Offal Good

Chef Takashi Inoue likes his meat rare—in more ways than one.

At precisely 6:45 on a Monday evening, a white stretch limo pulls up in front of restaurant Takashi in the West Village. Eight Japanese people tumble out, pose for a picture in front of the limo and make their way inside for their 7 p.m. reservation.

Like the rest of the room’s diverse crowd of locals, adventurous eaters and European and Asian fans, they’ve come to this homey, 34-seat yakiniku (Japanese grilled meat) restaurant to sample chef Takashi Inoue’s wildly creative and delicious riffs on whole-animal cooking.

The restaurant specializes in horumon, offal and variety meats served cooked and raw. Not only is the chef committed to serving as much of the cow as possible—menu items include three different cow stomachs, large intestine, sweetbreads and cheeks—he sources locally whenever he can: super-fresh beef heart and liver from Dickson’s Farmstand Meats, hard-to-come-by monkfish liver from Long Island’s Pura Vida Fisheries, and whatever’s in season at the Greenmarket.

For some guests, though, the experience is less about Takashi’s locavore credentials than about the taboo-breaking frisson that comes when digging into calf’s brain cream tube with blinis and caviar (the brains are laboriously boiled, soaked, sautéed and spiced, then blended with heavy cream and olive oil and molded in repurposed paint tubes); beef heart chili with mochi rice cakes and cheese; or the eyebrow-raising testicargot, described on the menu as “cow balls escargot style w/garlic shiso butter.” (Queasier diners can opt to grill platters of richly marbled U.S. Kobe rib eye or premium short rib instead.)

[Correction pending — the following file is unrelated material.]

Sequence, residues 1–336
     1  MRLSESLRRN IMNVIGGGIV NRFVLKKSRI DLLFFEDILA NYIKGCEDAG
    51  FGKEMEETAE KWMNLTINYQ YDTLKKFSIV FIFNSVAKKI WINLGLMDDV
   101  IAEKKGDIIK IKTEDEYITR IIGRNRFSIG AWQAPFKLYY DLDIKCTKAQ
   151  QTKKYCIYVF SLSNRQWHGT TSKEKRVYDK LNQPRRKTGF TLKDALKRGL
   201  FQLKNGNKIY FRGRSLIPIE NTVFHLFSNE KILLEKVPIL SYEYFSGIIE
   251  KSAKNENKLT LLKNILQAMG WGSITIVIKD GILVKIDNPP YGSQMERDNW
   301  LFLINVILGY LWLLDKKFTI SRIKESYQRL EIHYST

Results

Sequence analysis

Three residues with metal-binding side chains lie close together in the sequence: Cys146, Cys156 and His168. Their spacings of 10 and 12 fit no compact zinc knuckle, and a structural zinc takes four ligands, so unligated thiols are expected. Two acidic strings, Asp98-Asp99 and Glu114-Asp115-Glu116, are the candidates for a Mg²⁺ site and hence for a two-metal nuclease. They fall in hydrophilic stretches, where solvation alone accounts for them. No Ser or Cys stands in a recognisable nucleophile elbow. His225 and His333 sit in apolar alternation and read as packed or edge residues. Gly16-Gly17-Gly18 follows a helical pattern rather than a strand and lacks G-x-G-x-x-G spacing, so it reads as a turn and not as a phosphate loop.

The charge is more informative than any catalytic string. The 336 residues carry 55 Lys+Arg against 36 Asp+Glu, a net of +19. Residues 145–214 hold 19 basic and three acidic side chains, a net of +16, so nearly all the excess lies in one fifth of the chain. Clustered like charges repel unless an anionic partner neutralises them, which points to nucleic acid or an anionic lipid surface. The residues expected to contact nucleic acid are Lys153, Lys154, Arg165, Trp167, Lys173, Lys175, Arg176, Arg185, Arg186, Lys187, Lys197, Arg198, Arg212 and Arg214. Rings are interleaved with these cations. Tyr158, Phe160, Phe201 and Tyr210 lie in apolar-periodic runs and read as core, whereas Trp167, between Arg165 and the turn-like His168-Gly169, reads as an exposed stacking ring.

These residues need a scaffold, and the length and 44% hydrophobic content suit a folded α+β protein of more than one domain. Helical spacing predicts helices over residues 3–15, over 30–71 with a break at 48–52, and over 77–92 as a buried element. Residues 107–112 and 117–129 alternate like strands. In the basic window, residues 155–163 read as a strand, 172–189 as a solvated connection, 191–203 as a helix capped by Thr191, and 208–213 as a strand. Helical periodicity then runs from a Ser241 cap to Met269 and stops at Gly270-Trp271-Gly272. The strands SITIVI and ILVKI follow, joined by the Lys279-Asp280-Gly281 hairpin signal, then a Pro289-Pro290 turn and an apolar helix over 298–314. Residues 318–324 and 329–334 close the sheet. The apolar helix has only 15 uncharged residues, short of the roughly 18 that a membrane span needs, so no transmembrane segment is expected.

A refreshing dish of flash-boiled shredded Achilles tendon dressed in soy sauce, rice vinegar and sesame oil prompted the New York Times—which described Takashi’s fare as best washed down with cold saké and an open mind—to proclaim it “a magic, nervous-making dish.”

It’s daring fare, yes, but what keeps Takashi from being a mere novelty restaurant is the quality of the ingredients, the deft touch with which dishes are assembled and the chef’s unerring palate. Some of the items on his menu, confesses Inoue, “are parts I never used in Japan. I just wanted to use the whole cow, and thought, ‘I’m using stomach, why not brain? Why not testicles?’ I wanted to challenge myself.”

It wasn’t Americans’ resurgent interest in nose-to-tail cooking that prompted this idea, though, says Inoue, who worked at restaurants in Japan for 12 years before opening Takashi in 2010.

“I was more focused on bringing my Osaka-style soul food to New York,” he says.

Although there are other yakiniku restaurants in New York, none serve the offal and variety meats that Takashi does.

For pristinely fresh beef heart and liver—parts of which he serves raw, sashimi style—Inoue turns to Chelsea Market–based butcher Jake Dickson, who sells only meat and poultry raised right on small upstate and Pennsylvania farms he’s personally vetted. High-quality beef liver is only available on occasion, and when it is, only the very tip of the roughly 15- to 20-pound organ can be served raw, explains Inoue, perhaps five orders’ worth. The rest will be grilled or used for pâté.